Common name: none
In mild districts the hardyoften come through the winter unscathed, and can reach 2m (6ft) or more in height.
In others, the stems can be killed by frost. This is not normally a problem, however, as in the spring they invariably produce new growth from the base.
Popular species and varieties
It is important to choose those that are regarded as hardy. One of the best known is F magellanica. The straight species is available, although many choose one of the named varieties. The of this shrub are slender and freely produced in mid to late summer. Among those to look out for are F magellanica van gracillis (AGM), with small rosy purple flowers, and the hybrid ‘Madame Cornelissen’, with red and white blooms. Also well worth considering are the golden-leaved ‘Aurea’, the equally attractive variegated form ‘Variegata’ (AGM), and ‘Versicolor’ (AGM), its leaves edged with white and cream.
There are numerous hybrids suitable for the garden. ‘Lady Thumb’ (AGM) has semi-double flowers with pink sepals and white petals, and grows to just 45cm (18in). Even smaller is ‘Tom Thumb’ (AGM) with red and violet blooms on sturdy plants just over 35cm (14in) high. An old stager, still as popular as even is ‘Mrs Popple’ (AGM), vigorous with red and purple flowers.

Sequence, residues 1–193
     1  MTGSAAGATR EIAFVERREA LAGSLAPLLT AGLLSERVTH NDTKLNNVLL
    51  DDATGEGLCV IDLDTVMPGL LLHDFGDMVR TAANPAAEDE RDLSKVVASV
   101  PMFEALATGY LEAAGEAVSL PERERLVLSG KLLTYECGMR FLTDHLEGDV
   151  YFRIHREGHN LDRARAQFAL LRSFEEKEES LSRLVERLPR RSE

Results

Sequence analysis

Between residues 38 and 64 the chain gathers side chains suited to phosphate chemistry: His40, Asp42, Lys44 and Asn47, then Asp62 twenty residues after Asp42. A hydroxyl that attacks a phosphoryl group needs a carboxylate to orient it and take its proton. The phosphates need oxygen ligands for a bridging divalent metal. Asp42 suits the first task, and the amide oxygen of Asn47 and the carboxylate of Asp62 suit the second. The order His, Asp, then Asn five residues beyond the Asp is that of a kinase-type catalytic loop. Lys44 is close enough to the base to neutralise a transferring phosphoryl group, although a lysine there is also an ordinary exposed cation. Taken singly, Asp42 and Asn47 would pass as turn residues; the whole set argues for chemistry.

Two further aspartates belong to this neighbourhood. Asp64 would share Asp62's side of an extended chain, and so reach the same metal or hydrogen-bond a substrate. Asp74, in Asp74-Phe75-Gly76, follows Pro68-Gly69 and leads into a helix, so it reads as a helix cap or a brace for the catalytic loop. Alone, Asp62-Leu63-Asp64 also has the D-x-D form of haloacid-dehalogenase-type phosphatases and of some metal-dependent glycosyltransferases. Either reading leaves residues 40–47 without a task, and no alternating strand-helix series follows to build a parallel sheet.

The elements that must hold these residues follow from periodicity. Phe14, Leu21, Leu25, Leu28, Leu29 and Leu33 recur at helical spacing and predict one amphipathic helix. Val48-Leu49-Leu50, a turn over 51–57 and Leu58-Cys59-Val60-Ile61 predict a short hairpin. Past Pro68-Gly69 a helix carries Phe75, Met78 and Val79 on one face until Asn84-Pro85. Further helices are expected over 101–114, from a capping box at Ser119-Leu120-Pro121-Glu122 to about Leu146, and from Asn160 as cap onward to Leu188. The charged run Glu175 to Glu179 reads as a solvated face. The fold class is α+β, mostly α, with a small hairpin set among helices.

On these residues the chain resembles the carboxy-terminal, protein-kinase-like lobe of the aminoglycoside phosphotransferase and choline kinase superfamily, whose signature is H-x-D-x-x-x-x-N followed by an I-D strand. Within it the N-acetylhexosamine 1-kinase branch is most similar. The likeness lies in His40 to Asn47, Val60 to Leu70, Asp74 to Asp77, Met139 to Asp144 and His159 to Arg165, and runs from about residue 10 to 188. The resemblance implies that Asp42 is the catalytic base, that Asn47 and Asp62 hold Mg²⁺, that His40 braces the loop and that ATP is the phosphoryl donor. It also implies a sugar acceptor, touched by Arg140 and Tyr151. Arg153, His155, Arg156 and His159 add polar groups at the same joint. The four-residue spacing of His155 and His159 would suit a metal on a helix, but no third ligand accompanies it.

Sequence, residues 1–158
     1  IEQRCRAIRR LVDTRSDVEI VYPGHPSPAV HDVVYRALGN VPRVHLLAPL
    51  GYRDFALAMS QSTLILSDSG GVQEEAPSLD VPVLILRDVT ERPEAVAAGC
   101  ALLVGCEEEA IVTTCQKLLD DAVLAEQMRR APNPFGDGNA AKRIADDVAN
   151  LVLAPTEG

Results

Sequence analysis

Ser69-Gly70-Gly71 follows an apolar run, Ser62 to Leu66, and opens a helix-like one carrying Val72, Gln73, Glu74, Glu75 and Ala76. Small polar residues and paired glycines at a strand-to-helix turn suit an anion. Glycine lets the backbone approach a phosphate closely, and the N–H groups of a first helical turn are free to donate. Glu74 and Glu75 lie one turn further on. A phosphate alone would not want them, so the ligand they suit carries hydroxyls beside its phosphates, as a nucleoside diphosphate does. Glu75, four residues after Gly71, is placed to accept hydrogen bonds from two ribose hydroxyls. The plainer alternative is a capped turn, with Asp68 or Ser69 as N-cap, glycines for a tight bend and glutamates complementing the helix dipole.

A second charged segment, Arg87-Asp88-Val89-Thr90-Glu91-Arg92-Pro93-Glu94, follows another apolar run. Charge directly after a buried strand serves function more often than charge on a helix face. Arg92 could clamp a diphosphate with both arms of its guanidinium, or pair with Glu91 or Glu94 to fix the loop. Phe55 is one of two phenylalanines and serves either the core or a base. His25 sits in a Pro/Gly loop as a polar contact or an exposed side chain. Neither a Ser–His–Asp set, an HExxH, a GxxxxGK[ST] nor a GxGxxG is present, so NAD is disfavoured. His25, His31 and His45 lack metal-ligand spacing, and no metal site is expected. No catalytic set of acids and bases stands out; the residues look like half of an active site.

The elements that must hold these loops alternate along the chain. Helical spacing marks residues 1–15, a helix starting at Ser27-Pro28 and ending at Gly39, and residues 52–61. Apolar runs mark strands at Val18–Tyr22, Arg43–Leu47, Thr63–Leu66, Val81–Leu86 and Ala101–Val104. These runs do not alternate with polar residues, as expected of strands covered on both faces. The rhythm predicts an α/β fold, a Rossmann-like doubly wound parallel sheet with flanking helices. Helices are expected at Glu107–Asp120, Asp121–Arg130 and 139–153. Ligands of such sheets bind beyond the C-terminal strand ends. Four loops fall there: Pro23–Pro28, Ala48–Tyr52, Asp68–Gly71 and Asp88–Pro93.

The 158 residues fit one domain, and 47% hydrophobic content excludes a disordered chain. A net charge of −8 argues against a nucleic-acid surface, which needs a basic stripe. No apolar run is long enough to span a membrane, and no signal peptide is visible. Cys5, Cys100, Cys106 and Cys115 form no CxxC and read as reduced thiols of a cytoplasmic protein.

Soil type Most humus-rich, moist, well-drained soils.
Planting Best carried out in the spring, as risingtemperatures will help plants to establish quickly. They can be grown in sun or light shade.
Maintenance Apart from those growing in mild districts, the stems should be cut back to just above ground level, in early spring. Deeply mulch around the bases of the plants with peat, or other suitable material, in the autumn.
Propagation Softwood cuttings of around 7cm (3in) in length can be taken in early summer
Pests and diseases The hardy fuchsias are generally trouble free. Aphids can be a problem on new growth; spray with insecticide as soon as seen.